Sticking Our Necks Out in Burundi…

I’ve asked one of my Burundian soul-mates who is having an amazing impact in the nation to share with you from his perspective some of what we are up to these days. Over to him:


“Since the current crisis began in Burundi about a year ago, Simon asked me to head up and coordinate what we decided to call ‘Christian Initiatives for Peace.’ As GLO partners over the last number of years, we have met monthly to encourage and sharpen each other. Simon’s vision for GLO was to create a tight informal relational network of passionate local leaders, all of whom were having a strategic impact through their respective ministries in the country.

We were determined to play our role in our beloved nation at this difficult time. Confusion reigned in the Church (as well as in the country as a whole) as some supported the President and the ruling party whilst others wanted to see change. We deliberately positioned ourselves as a non-political body so as to challenge all sides and insist on the sacredness of life, compassion, Ubuntu, and personal responsibility. Whatever folks believed in the political realm, as followers of Jesus those four components were non-negotiable, and must guide how they responded in seeking to maintain the status quo or see change come.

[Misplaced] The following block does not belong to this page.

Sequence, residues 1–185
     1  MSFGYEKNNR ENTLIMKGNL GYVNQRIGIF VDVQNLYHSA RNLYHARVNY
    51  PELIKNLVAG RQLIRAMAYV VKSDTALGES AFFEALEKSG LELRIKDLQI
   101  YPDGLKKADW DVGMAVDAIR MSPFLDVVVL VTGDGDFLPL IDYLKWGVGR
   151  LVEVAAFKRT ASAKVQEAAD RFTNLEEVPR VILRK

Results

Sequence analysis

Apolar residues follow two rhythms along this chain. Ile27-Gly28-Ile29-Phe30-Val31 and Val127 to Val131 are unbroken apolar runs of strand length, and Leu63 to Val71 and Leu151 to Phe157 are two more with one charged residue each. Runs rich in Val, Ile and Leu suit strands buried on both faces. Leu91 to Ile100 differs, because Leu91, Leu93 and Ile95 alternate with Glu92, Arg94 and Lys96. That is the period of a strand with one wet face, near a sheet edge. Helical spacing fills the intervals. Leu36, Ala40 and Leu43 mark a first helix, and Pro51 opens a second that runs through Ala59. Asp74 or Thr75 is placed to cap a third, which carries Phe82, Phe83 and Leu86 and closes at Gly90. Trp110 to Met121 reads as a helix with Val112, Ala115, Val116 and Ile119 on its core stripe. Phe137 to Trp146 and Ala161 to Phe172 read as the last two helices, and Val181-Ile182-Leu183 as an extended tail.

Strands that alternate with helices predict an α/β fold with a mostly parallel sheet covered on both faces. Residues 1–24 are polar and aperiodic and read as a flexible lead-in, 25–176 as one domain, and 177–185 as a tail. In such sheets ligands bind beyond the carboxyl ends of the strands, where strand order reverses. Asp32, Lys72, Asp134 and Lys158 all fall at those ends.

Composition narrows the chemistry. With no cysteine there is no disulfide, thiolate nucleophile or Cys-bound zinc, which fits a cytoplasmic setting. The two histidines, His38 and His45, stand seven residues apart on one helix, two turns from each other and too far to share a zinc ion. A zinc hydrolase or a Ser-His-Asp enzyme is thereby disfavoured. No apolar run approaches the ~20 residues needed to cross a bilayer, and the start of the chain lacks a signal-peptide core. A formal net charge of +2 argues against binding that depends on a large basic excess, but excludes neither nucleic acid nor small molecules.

Let me tell you it was scary at times to stick our necks out, on TV and radio, using tens of thousands of tracts, at conferences, bringing youth leaders together, mobilising churches, trying through every means possible to stand for non-violence during violent times. People recognized us wherever we went, and as things became ever more polarized, radicals on each end didn’t like what we were advocating. I often wondered if I would pay the ultimate price of my life for what we were doing, but I (and the others with me) considered it worth the cost as followers of Jesus and because we love our nation so much.

Just this last week, GLO sponsored a pastors meeting, during which a Bishop said to me: “We have failed as a church. We have not been able to use our prophetic voice. All of us are looking to you folks at CIP for help.” That was both encouraging to me, and sad. Encouraging because we are so obviously playing a key role, but sad because he was recognizing and confessing the tragic failure of  his church (and much of the Church at large) to embrace its mandate to be a mouthpiece for moral authority and righteousness.

We have so much work to do. But what I love is that GLO is purposely unknown behind the scenes – not seeking credit for these initiatives, but simply working to facilitate powerful meetings that lead to reconciliation and healing. Some of what we’ve been involved in is too sensitive and can’t be talked about. Maybe we’ll be able to share those stories in ten years’ time!

But for now, I want to thank you so much for your support and ask you to continue to pray for us in Burundi. These are very difficult times. We have a long way to go. Nobody knows how things will turn out. Please continue to contribute to GLO so that we can continue to leverage our networks here for peaceful strategic change in precious Burundi.”

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